the stairs connecting Gemmayzeh with Achrafiye
A week crowded with experiences of many kinds in a country that seems to have it all. In a few days I discovered a vibrant capital, ruins from ancient time as well as ruins from the twentieth centurary; a nature with sun, sand and sea as well as steep mountains with snowcovered peaks with a scent of cedarwoods and fresh air. This is Lebanon, the country with its friendly people always ready to help you.
It could have started a little bit better. When arriving to Beirut international airport two o clock in the morning I had booked an airport-pickup service in advance, taking me safely to the hostel in the middle of the night. It occurred that noone was there picking me up, and I waited for almost half an hour, but nothing happened.
In the meantime I tried to phone the hostel up, but without success. Too tired to hazzle and deal about the price and evenmore, unsure about the safety to grab an ordinary taxi, I tried to get some other airport-pickup service to bring me to my hostel. No success. Suddenly a taxidriver addressed me showing me his id-card and what could I say, anyhow, he took me to my hostel after trying to ensure me how bad my hostel was and wanted me to go with him to his hotel. When he left me outside Talal new Hotel, it was in an alley without any light, totally dark and I could hardly see the entrance, a narrow staircase leading up to the hostel.
'- Good morning, my name is Mr.Bert from Sweden', I told the young man sitting behind his computer with big earphones. He looked at me and asked me how I was doing.
.. He ensured me that no booking was set and couldn t even find my name. Having said that, he was very helpful and friendly and I ended up in a double room for single use with ensuite bathroom. He apologized and none of us was eager to sort all this out, I said goodnight and he ensured me we should right this up next morning. Next morning I was explained that one need to double-confirm a bookiing at the hostel and how could I know that I need to say twice that I intended to accept my booking???
After this minor misunderstanding I spent a very pleasant time in the hostel sharing travel experiences with travellers from five different states in the USA, from England and Australia, as well as Slovakia and Colombia. We all shared experiences and I learned a lot of good sights to visit in Lebanon.
Hotel Habtour in the district Sin-al-Fil
The first thing that strook me was how big the capital Beirut is. It is impossible in reasonable time to walk around in all districts. The easiest way is to take a service-taxi that costs around 2USD within the city, but be sure ask 'seervice' before you enter the car. Otherwise you can be charged for an ordinary taxi. The traffic is breathe-taking and passing one of the mainstreets by foot is quite of an experience. It seems also like all the drivers compete who can use the horn most frequently.
My first morning in Beirut started with a breakfast at Paul's. They serve very fresh and tasty baguettes and the waiters are dressed up in white baker shirts with some kind of baking cloths on their heads.. :) Paul's is a calm oasis in the middle of the traffic noice.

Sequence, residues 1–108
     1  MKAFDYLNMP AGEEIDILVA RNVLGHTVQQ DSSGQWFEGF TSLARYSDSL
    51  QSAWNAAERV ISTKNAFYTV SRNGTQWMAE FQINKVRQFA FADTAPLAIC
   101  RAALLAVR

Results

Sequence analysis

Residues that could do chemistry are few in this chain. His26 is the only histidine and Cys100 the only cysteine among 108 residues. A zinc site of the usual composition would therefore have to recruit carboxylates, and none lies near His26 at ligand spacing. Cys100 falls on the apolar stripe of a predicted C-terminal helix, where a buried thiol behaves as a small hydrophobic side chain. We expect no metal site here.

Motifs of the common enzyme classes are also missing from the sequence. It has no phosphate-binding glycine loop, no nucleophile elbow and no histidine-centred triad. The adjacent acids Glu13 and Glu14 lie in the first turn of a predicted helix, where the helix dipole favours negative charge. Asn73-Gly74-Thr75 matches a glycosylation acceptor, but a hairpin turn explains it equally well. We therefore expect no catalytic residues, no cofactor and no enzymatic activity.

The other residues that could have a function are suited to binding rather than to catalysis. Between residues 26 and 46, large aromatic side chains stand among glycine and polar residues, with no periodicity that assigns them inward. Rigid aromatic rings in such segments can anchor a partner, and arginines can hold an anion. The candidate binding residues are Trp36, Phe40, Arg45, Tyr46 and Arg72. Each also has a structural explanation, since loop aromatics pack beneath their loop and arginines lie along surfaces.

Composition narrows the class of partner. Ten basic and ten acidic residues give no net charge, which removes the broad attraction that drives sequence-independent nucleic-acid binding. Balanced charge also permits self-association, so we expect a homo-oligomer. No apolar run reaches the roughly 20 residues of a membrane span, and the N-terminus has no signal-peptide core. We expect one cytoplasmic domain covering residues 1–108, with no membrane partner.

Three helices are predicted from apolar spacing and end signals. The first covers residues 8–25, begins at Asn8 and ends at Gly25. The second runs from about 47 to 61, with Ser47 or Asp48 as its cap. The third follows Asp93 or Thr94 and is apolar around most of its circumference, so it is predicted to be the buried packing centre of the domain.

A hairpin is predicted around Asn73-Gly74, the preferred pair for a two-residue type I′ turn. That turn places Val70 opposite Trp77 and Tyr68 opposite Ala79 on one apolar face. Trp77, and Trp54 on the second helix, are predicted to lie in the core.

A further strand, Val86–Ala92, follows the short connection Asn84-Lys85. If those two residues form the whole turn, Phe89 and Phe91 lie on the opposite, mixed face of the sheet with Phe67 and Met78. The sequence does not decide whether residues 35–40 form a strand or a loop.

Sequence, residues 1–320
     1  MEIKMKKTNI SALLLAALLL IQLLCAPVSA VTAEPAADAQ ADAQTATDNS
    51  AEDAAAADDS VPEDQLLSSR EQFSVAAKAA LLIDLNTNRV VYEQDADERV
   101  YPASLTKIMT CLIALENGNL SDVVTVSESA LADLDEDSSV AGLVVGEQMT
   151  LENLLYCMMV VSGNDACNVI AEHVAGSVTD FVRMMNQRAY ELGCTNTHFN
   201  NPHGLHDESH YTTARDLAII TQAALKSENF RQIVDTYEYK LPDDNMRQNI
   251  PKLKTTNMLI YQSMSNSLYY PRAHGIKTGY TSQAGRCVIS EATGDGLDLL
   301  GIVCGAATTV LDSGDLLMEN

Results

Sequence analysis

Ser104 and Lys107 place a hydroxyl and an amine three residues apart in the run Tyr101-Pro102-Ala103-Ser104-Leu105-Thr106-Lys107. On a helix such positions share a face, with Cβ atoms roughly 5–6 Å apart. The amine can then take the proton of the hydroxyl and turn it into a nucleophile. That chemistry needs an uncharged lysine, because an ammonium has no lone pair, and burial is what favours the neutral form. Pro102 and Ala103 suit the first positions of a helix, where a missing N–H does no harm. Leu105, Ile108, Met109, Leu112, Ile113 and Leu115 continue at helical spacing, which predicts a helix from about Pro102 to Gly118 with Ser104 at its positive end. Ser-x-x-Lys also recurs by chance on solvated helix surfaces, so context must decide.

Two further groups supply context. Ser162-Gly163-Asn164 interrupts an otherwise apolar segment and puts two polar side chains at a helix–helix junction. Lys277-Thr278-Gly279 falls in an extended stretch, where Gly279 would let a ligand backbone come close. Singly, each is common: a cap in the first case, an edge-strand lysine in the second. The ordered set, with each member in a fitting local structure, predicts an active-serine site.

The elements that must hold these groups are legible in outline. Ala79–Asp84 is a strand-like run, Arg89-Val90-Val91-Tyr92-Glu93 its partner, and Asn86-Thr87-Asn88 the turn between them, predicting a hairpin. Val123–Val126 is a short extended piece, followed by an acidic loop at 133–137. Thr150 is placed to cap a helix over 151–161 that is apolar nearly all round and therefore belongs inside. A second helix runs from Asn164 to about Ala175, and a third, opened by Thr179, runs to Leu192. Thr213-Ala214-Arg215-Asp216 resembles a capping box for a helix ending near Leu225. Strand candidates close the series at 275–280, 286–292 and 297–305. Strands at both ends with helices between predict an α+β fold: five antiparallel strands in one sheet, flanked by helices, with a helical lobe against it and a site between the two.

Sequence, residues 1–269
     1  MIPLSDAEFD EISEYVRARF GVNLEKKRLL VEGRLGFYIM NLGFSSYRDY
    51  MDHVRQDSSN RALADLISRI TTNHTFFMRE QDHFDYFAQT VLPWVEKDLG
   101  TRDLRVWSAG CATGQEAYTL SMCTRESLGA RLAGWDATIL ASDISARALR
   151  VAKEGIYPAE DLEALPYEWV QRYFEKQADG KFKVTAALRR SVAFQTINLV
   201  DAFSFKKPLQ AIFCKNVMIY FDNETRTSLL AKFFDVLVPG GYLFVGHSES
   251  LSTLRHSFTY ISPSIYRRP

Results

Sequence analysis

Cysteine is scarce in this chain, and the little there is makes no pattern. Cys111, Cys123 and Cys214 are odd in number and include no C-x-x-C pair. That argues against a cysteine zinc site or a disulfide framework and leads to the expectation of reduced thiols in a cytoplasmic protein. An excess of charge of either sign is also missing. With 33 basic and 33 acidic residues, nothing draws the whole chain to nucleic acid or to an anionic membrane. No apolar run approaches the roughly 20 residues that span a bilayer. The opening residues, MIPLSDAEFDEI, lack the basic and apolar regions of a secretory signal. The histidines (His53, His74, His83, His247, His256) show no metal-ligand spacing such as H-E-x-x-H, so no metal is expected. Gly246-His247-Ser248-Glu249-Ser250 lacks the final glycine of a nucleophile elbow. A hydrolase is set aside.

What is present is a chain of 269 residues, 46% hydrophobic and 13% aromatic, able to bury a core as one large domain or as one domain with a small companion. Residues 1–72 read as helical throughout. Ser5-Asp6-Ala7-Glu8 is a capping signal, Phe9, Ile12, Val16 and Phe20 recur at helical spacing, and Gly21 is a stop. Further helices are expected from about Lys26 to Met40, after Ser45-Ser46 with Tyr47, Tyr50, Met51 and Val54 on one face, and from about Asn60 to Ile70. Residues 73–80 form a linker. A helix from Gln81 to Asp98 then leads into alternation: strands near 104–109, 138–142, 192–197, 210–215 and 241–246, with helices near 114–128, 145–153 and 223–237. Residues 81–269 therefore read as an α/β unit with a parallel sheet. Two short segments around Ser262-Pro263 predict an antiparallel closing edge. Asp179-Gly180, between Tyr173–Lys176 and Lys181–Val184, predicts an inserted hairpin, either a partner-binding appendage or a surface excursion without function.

I strooled around in the city centre and one of the biggest hallmarks is the Mohammed al-Amin mosque with its blue roof. It was built after the war and looks very much like the 'blue mosque' in Istanbul. The interior dominates by big carpets, bright paintings and huge chandeliers heavily hanging down in the ceiling. Next to the big mosque is S:t George's Cathedral, a maronite church dating back to the Crusades. Trying to balance between fastdriving cars and rows of hoardings framing in all buildings under construction, finally I reached the heart of downtown. Around Place d'Etoile with its clocktower the shops are shadowed by archades with its pillars. A number of restaurants and cafÃ©s are lined up along these streets. All the area are guarded by the army and armed soldiers and the security seems alert.
the skyline in Sin-al-Fil
Daytime, not many people fill the streets. I walk back to my hostel after bying some fruits, nuts and some bread. Good to rest the legs for a couple of hours and to check some e-mail etc. By the way, oranges in this country are very juicy and sweet. In my homeland in Sweden you can squeeze three oranges to get the same amount of juice as you get from one single orange in Lebanon. Wow.
In Gemmayzeh, the area around my hostel, is an atmosphere with many small bars and restaurants, often with music in the evenings. There are a genuine touch and it is very amusing to stroll around on the main street. There is also my favourite restaurant , Le Chef, with its low prices and charismatic waiter. Some very nice small fruit and vegetable shops offers all sorts of good green stuff. Some broad stairs take you up to another part of Beirut, Achrafiye, an attractive district in East Beirut with its big villas and nice buildings. In this district, Rue Monot, take the scene as the very centre for the nightlife in the city with lots of clubs and bars. ......to be continued
Beirut Restaurants, Cafes & Food review
genuine and tasty
The restaurant Le Chef in the heart of Gemmayzeh district in Beirut is a must if you visit this city.
It has a genuine look of the past and it is alw… read entire review
Beirut Sights & Attractions review
a must see in Beirut
Entering the National Museum of Beirut is a walk in the history of Lebanon from prehistorical time to the Mamlouk period.
Several pieces of statuette… read entire review